April 30, 2013

Letters to the editor: Baxter Academy hasn't earned charter

After the recent news ("Sign-ups for first Portland charter school falling short," April 25), the message should be clear by now to the Maine Charter School Commission: Parents have pulled out of Baxter Academy in large numbers.

click image to enlarge

A screen shot of Baxter Academy's new website, www.baxter-academy.org.

The coup led by the remaining five members of the board of directors has fallen short. The disingenuous public relations campaign to have parents believe the school has a waiting list, as recently stated on their website, is frankly appalling.

Parents are rightfully skeptical of the Baxter board and remain unimpressed by their leadership. Many parents clearly doubt the ability of this group to deliver a quality education. At this point, what parent would take such a risk with as an important a decision as their child's high school education?

Shame on the Charter School Commission for continuing to bend over backward to accommodate Baxter with such low enrollment numbers.

As a point of clarification, when Baxter Academy previously submitted a 100-student budget, it was for a single grade on a single floor of the building. That proposal was then rejected by the Charter School Commission: The cost of rent and busing made it unworkable.

Maine expects better oversight from the Charter School Commission. Maine students deserve quality schools with a high likelihood for success. The Charter School Commission should revoke the Baxter Academy charter and move on.

Chris Jones


Immigration reform would help Maine asylum seekers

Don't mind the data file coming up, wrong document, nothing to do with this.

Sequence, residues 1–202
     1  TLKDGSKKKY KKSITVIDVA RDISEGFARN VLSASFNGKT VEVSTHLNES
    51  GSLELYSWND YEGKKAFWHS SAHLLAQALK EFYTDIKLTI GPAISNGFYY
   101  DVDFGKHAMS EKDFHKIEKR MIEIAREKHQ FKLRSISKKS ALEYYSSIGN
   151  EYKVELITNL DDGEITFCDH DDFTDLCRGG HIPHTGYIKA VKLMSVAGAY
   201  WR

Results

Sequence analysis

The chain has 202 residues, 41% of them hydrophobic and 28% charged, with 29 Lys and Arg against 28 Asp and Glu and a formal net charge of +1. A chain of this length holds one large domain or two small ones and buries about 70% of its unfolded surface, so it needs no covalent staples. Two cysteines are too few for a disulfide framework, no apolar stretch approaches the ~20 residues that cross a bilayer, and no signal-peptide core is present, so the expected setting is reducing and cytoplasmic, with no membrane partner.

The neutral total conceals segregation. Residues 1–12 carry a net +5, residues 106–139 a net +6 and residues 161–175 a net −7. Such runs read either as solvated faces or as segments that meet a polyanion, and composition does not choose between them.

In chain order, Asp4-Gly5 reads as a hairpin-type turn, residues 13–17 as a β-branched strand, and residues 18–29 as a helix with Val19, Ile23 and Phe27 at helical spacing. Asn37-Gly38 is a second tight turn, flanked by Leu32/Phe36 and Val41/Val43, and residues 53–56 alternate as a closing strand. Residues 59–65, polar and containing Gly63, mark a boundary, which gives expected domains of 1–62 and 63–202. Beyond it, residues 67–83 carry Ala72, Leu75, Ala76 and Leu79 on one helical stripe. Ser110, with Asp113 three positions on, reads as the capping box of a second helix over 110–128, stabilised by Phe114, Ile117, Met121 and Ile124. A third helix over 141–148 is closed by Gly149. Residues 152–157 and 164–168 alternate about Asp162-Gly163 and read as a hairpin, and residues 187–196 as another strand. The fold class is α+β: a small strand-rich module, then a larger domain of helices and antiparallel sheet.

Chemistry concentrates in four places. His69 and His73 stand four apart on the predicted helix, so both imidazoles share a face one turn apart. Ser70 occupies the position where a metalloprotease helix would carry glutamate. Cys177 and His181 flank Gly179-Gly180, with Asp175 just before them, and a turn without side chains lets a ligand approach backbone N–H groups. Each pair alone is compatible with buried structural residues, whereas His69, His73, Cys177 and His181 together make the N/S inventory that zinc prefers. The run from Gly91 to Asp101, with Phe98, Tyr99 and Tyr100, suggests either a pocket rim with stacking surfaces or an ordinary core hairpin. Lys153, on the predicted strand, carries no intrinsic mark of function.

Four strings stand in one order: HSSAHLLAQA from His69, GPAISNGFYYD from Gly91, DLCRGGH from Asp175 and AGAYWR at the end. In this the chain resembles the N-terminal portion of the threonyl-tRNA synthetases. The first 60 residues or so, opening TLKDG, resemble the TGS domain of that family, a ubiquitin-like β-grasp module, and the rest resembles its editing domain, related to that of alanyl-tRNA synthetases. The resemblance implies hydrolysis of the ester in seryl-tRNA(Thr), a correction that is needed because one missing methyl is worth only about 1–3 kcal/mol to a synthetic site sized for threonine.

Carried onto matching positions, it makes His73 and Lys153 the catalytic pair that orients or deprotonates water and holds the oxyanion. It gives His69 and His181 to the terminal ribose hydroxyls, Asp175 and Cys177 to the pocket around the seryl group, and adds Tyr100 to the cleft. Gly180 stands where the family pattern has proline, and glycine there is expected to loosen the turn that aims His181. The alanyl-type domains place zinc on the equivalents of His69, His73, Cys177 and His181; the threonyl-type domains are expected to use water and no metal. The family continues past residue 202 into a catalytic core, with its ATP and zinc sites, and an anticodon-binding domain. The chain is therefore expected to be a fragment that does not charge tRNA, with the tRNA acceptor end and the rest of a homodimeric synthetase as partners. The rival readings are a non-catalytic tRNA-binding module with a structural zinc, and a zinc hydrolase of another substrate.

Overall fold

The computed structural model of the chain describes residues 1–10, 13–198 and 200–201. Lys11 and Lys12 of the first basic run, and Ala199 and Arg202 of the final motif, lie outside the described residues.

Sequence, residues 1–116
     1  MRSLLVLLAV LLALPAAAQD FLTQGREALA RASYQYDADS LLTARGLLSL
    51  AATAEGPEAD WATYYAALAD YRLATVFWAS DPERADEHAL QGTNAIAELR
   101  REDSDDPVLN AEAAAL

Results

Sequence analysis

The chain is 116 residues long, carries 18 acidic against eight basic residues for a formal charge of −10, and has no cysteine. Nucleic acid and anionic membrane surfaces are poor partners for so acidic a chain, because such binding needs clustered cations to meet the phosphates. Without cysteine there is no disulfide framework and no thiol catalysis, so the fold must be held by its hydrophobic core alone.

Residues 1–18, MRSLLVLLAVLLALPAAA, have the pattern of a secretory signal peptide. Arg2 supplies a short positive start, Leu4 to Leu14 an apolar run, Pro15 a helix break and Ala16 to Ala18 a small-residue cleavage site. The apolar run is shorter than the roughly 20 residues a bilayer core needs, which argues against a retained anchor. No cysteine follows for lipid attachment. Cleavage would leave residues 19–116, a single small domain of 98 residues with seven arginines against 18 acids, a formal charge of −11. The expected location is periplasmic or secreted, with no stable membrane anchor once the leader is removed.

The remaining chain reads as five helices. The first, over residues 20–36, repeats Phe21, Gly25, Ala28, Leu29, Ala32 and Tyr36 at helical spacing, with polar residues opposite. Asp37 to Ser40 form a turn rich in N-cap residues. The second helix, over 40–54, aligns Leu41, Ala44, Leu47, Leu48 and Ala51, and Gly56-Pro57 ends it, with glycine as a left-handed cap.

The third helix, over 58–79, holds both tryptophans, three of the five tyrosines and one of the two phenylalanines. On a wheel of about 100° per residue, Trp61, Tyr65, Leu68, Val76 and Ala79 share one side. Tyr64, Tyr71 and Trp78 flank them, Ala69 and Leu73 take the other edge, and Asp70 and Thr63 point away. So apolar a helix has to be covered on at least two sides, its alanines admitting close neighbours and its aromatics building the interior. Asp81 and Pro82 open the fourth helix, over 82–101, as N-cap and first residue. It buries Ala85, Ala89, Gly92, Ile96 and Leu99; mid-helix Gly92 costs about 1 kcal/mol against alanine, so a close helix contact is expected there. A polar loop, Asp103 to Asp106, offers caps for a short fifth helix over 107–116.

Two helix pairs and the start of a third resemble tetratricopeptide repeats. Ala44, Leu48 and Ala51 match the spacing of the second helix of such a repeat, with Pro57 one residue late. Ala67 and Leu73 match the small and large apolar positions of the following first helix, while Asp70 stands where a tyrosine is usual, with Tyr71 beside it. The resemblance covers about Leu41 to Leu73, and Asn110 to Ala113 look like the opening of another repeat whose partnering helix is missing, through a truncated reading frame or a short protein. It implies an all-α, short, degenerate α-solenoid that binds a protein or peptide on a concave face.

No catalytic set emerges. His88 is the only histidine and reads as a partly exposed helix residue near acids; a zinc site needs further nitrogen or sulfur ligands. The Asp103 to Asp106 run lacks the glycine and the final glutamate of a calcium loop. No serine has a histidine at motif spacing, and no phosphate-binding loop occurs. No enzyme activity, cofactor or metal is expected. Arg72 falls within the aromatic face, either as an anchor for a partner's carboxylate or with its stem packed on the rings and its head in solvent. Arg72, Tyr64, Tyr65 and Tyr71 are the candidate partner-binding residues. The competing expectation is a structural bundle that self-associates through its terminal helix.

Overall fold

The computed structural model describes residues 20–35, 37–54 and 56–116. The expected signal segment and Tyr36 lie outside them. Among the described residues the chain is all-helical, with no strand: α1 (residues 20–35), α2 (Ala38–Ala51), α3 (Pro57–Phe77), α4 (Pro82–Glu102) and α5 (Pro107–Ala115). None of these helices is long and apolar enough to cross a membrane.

When I read about comprehensive immigration reform in the paper, it sounds like it is all about something that matters only outside Maine, but  a lot of the proposed changes would make a big difference in our state.

One important change would repeal the "one-year bar" on asylum seekers.  

Currently, immigrants cannot apply for asylum if they submit their applications more than one year after arriving in the United States.

This "one-year bar" has prevented tens of thousands of asylum seekers who would otherwise be eligible from obtaining asylum status. You may wonder why and how this happens.

Immigration regulations are complicated, and help is limited. This is a challenge for people with limited or no English.

A missed deadline results in automatic denial or deportation.  

The artificial deadlines and complicated process lead immigrants to take desperate measures sometimes.

Here in Portland, a refugee from Somalia lost his life after a fire broke out in his apartment.

When they all got out from the building, the man asked his wife if she got the immigration documents from the building.  

When she answered no, he rushed back into the burning building and lost his life for an I-94 document.

Our immigration system is difficult and creates fear in the immigrant communities.

For some of us who come from countries where there is war or famine, legalization is a matter of life or death.

I support comprehensive immigration reform and the difference it can make for people right here in Maine.

Mohamud Barre

executive director, Somali Culture and Development Association


Atheists also face exclusion under Boy Scouts' policy

Regarding your editorial of April 21, "Our View: Scouts' plan on gays will perpetuate bias," I suggest that their policy regarding atheists and agnostics is equally biased. Blind faith is hardly consistent with the rational planning and skills that are taught in Scouting.

I was a Cub Scout and Boy Scout prior to developing skepticism in my late teens. When I considered volunteering in my 20s, I was deterred by the oath that had to be signed. Boys lose; who gains?

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